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Authors: iancrooks

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Easter City

BOOK: Easter City
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CHAPTER 1

The wealthy made and lost all their money on
Main Street.

I always watched them from the gutter. Men
had sideburns with bald heads or baby faces and slicked back hair,
black and greasy like pitch. Women had candy hair and tight butts
and wore tight dresses and fur collars.

The wealthy came down from the Hills to
escape their picket-fence-lives. They frequented casinos and blew
their winnings on one of the hundred fancy restaurants and a few
more escorts. I saw one come out of a casino one time, drunk out of
his skull—his entourage cheering his big win—and march up to Avaris
Airstrip. He came back, chest stuck out past his flopping belly,
waving a fistful of paper and a few keys; the bastard had bought a
jet in cash.

You’d think all that money would make me
crave wealth. But I’d seen what money does to men. It turns them
bad so they’re not men anymore. They become devils. Laughing devils
won craps and bought jets and carried escorts on their arms like
accessories. Angry, dead-eyed devils lost their fortune at
roulette. They lost their cars and throttled their friends in
alleyways, stripped the valuables and left the bodies naked in the
sleet.

In the jungle of casinos and fancy hotels and
plump-bowtie wearing devils, there’s no room for people like me—no
room for starved, smelly twelve year old brats.

I’d seen how Wealthy Devils dealt with beggar
kids. For starts, we were called Cochon. If a Cochon crossed the
street, chances were, a car would speed up and mow it down. If a
Cochon was spotted on a sidewalk, it’d be beaten for fun by wealthy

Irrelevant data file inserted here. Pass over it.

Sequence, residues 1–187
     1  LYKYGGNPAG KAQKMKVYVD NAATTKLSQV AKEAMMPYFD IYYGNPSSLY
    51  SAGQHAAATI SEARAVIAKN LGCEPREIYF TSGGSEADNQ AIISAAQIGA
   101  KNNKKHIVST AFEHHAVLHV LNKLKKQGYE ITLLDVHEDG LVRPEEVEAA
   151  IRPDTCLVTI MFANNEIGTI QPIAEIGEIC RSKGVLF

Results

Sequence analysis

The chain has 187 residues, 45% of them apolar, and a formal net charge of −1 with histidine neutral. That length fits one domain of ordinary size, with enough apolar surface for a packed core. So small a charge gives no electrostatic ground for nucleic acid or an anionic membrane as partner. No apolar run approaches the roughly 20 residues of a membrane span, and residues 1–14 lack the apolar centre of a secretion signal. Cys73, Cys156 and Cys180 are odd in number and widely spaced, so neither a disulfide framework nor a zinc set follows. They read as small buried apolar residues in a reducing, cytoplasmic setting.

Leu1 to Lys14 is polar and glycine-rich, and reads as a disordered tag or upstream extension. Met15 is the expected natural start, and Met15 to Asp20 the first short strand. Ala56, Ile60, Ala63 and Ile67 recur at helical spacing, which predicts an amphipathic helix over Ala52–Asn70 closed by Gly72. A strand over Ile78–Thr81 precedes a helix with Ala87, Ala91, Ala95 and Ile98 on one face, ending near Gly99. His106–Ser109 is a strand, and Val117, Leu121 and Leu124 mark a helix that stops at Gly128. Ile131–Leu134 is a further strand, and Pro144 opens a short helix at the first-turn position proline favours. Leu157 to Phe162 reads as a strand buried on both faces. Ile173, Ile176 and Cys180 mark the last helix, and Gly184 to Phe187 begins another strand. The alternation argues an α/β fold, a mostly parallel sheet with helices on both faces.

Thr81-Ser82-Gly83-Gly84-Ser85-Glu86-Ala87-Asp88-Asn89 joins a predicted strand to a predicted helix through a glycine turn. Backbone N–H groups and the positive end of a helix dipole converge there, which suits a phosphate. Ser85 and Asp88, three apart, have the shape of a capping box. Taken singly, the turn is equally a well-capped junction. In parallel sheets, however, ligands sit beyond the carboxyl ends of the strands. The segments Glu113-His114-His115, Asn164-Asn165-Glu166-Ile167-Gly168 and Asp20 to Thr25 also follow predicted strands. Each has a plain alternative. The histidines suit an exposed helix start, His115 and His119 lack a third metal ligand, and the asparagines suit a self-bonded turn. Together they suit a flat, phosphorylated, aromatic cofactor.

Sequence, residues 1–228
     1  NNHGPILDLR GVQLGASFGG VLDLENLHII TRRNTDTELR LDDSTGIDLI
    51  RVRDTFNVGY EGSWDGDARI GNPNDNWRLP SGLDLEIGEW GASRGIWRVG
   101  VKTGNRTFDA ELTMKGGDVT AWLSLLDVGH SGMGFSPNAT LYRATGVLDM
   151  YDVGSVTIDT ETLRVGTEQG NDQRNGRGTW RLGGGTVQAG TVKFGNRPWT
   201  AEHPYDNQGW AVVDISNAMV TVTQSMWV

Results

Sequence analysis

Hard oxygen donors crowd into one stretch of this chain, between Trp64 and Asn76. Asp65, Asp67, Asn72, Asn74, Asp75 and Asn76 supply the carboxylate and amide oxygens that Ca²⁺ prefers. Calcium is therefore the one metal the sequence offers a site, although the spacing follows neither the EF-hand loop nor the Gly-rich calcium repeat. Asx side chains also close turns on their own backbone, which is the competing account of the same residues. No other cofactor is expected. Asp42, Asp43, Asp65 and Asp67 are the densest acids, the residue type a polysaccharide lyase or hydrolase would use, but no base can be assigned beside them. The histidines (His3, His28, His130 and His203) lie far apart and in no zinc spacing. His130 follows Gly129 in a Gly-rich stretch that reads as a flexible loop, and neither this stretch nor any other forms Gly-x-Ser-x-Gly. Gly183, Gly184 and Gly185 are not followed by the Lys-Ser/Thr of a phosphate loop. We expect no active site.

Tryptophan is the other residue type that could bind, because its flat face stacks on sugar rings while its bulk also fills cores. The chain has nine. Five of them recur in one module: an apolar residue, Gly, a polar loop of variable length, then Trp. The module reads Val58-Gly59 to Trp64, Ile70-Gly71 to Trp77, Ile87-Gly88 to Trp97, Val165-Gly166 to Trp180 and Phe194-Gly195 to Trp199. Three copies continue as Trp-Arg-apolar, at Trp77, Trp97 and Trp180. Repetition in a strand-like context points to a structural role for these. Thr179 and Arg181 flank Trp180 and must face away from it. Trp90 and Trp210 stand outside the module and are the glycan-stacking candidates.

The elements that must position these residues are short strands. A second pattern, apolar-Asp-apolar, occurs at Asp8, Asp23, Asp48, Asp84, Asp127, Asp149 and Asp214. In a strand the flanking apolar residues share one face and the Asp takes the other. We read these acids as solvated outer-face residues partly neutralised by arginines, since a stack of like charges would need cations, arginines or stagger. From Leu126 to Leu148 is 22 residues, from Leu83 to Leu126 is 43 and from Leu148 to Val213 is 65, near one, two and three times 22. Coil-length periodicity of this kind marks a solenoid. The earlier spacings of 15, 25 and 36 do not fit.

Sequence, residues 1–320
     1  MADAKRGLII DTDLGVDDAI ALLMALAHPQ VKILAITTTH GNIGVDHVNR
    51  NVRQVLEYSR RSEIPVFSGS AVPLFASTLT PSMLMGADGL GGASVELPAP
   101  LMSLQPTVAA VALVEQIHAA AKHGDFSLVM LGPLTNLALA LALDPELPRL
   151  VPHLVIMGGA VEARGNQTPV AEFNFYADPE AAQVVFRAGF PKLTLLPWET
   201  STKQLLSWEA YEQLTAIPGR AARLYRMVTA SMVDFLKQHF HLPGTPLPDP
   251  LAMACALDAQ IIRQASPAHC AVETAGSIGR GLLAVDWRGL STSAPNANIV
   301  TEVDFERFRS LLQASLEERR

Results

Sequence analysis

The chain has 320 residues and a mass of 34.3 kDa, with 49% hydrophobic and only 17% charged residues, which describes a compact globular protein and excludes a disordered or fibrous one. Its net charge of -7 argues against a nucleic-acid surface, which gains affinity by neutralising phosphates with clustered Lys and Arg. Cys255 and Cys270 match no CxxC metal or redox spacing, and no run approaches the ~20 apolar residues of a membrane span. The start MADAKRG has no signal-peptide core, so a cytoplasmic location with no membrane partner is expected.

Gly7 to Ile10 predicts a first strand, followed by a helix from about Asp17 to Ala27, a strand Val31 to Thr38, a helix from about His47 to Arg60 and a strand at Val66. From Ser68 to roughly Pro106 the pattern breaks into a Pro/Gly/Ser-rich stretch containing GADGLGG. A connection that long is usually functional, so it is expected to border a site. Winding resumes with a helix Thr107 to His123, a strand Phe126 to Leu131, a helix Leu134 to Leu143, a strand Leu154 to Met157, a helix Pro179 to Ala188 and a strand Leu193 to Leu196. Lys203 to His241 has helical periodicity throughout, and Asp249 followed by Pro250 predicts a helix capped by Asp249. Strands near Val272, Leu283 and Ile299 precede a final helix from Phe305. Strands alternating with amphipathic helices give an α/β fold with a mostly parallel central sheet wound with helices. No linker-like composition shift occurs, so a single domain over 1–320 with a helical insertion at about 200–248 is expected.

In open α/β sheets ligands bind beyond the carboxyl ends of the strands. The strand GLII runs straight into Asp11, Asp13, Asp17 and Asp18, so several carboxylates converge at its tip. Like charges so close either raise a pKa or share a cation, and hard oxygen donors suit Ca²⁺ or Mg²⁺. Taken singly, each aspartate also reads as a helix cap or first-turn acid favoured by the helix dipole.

men, and even the escorts jabbed the heels of their stilettos into
eye or ear to see which bled better.

My earliest memory is learning to avoid the
wealthy. Some years back I ran into a Wealthy Devil after stealing
takeout. The guy who caught me sent his buddy to get some pliers. I
don’t like to think about it, so I’ll say this: thank God baby
teeth are supposed to go.

Don’t think Wealthy Devils are above
torturing little girls either. Last week they bludgeoned one for
walking on the sidewalk. No matter how often I see that type of
sick shit, my stomach turns.

“Got it started!” a Wealthy Devil cried,
smacking the brat’s knees with a cane until she fell, sobbing.

“Me next!” a man grabbed the kid by the neck
and bashed her head against a wall.

“Here!” shrieked a harpy escort, and rammed a
heel the kid’s eye. Squelch.

Whoever evoked the most screams and blood
from the kid won ‘the game’ and they all went on drinking and
walked over the body and joined their friends for good times at a
Big Win Casino.

A car crunched around the corner. I blinked.
My feet were numb; I’d been daydreaming again.

I shivered and swept my tangled hair out of
my eyes. My curses frosted in the air. Cars continued to crunch by